Spotify’s Billionaire CEO Has a Broken Profit Record to Fix

Daniel Ek’s 2023, wrapped: Layoffs, losses and the sound of AI disruption.

Spotify’s Billionaire CEO Has a Broken Profit Record to Fix

Daniel Ek, CEO of Spotify.Photographer: Toru Yamanaka/AFP via Getty Images

It’s 15 years since Sweden’s Spotify Technology SA, co-founded by Daniel Ek, launched its music streaming service as a legal all-you-can-eat middle ground between online piracy or paying $20 for an album. At the time, the music industry was slashing jobs and struggling with the MP3’s rise: In the digital domain, “copies are not just cheap, they are free,” technologist Kevin Kelly wrote in 2008

Today, Ek is a billionaire, and streaming has helped the music biz get back to its pre-MP3 size. Yet Spotify is now cutting 1,500 jobs as the industry’s foundations get rocked again. Even with more than half a billion unique users, technology that seems to understand our listening tastes better than we do ourselves (the annual Spotify Wrapped is said to be cognitively “irresistible”), and more content than we could listen to in a lifetime, Ek faces an existential challenge: Is Spotify a financially sustainable business?

Is A Change Gonna Come?
Spotify's growth has been impressive, but so have its losses.

This question has long dangled over Spotify — and every streaming platform — as those $9.99 subscription fees (now $10.99) are reinvested in the service of Silicon-Valley-style user growth by buying more content. The slick tech engine at the core of its business needs R&D, but it also still depends on the Taylor Swifts and Drakes of this world for its fuel — as Swift herself proved when she temporarily yanked her music from Spotify in 2014, criticizing the fractions-of-a-cent royalties paid to artists. As tiny as those payouts are — Vulfpeck’s Jack Stratton calls them “pities” — the negotiating power of labels has capped Spotify’s profitability.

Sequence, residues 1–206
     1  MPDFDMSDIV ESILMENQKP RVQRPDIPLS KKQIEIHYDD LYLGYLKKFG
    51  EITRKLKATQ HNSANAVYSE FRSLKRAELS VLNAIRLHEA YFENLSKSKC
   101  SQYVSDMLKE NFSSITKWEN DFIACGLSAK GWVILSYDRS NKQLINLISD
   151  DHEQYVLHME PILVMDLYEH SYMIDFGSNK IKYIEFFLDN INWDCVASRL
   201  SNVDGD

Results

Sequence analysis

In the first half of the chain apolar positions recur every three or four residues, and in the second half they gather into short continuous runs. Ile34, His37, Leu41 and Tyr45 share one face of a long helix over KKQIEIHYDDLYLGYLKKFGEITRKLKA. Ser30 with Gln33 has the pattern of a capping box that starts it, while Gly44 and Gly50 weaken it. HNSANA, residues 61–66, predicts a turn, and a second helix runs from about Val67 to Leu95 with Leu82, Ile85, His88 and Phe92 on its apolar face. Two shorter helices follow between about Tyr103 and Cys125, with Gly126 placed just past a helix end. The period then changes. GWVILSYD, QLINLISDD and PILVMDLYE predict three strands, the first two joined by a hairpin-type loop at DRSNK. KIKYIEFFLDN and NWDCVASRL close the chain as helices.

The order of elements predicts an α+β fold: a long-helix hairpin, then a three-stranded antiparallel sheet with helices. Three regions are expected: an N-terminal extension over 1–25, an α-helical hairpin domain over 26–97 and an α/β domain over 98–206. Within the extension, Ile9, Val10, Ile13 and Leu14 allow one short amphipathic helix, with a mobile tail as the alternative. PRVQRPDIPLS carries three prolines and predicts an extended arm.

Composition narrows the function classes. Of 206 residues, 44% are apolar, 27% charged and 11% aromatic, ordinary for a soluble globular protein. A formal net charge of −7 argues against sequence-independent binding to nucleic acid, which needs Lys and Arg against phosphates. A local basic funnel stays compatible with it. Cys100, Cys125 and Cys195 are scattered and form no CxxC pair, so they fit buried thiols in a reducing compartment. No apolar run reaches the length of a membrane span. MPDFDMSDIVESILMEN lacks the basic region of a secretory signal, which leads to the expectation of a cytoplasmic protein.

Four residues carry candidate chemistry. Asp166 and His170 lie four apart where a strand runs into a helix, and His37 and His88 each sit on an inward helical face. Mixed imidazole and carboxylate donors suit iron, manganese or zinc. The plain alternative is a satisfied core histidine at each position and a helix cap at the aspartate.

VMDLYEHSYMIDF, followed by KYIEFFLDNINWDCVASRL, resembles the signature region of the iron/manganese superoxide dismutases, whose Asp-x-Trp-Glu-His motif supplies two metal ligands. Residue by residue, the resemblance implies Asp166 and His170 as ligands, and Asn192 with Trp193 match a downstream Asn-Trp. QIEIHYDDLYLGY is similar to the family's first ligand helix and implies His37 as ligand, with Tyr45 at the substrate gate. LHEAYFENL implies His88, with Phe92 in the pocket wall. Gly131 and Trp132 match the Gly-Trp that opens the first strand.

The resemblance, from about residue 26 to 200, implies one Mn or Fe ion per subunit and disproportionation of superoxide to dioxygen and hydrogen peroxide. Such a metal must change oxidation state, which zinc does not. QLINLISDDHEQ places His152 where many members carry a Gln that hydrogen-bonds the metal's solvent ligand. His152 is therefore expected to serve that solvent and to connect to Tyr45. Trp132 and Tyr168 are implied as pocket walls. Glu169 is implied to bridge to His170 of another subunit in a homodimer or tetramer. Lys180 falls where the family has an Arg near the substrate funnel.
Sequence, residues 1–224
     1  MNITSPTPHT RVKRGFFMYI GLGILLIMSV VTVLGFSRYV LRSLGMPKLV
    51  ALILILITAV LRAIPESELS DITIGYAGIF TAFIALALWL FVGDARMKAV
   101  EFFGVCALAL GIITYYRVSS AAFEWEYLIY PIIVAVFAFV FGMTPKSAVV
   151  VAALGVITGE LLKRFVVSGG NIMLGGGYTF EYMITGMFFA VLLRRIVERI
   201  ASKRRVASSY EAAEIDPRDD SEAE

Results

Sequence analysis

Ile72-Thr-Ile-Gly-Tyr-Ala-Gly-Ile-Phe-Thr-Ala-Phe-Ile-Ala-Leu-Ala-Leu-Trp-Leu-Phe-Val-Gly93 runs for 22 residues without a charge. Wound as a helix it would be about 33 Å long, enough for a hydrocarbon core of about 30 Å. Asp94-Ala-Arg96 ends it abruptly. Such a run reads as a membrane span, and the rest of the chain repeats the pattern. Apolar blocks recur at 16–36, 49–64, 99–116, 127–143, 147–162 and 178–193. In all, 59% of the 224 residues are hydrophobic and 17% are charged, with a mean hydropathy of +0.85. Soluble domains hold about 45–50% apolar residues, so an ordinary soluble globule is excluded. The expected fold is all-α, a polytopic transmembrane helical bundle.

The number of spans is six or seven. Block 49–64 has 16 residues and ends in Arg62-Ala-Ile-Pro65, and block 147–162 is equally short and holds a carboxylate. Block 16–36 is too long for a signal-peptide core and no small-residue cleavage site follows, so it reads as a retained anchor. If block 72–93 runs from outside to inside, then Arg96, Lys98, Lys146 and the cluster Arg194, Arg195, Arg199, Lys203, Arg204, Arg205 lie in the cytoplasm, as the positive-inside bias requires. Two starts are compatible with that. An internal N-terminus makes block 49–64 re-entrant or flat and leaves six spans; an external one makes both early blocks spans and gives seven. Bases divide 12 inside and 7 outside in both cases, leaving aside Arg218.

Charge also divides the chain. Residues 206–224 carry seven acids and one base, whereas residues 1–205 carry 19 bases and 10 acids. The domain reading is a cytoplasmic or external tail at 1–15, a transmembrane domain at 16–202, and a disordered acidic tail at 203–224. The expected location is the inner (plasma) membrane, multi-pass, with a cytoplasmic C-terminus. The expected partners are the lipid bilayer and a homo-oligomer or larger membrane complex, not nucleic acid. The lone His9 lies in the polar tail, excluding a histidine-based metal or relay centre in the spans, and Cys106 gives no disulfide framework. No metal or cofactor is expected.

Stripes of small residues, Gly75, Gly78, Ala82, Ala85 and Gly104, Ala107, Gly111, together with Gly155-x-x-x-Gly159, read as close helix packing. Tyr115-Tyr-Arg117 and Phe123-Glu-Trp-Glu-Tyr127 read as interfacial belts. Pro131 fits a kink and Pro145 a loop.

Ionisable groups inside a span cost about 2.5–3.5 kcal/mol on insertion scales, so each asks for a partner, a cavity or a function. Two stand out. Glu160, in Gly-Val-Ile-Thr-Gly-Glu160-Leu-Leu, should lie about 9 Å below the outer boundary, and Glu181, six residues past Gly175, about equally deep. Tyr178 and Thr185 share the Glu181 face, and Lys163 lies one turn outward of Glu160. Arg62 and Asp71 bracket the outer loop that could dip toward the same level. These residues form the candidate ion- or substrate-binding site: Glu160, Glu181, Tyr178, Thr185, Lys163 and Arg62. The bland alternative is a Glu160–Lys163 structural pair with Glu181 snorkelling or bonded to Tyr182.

Swift’s songs have made her a billionaire, but streaming remains a very unequal model for artists and a costly one for Ek, who has splurged even more to expand into lucrative non-musical content such as podcasts. Results have been decidedly mixed, as shown by the eye-watering $1 billion spent on swish studios and celebrity hosts including the Obamas. Yes, there’s been growth, with Spotify’s revenue twice what it was in 2018, but at the cost of perennial losses and new headaches like content moderation — such as when Joe Rogan’s podcast sparked outrage over Covid misinformation. In a world of higher interest rates, investors are impatient for change; Spotify has underperformed the S&P 500 by more than 50 percentage points on a total return basis since going public.

Talk Talk
Spotify expects higher gross margin in podcasts and audiobooks than music